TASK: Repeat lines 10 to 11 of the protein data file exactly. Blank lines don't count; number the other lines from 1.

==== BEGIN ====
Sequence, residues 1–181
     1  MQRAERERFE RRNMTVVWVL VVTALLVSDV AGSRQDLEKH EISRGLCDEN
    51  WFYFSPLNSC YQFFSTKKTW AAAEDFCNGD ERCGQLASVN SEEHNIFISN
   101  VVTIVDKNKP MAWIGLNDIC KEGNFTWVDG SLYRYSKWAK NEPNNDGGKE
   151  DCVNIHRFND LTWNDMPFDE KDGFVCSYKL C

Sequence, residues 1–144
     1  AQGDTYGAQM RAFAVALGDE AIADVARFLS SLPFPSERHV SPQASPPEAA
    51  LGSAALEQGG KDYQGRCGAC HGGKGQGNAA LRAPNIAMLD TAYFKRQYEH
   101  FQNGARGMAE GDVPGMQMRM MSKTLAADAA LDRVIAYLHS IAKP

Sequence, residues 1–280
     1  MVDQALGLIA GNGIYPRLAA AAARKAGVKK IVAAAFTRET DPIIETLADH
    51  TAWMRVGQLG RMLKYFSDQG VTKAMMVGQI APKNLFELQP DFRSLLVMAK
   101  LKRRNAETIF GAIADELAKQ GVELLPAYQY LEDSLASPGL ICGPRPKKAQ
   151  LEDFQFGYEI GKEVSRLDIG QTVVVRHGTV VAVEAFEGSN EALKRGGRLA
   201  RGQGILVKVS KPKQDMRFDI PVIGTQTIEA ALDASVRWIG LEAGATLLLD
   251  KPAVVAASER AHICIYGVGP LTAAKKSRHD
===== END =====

Sequence, residues 1–280
     1  MVDQALGLIA GNGIYPRLAA AAARKAGVKK IVAAAFTRET DPIIETLADH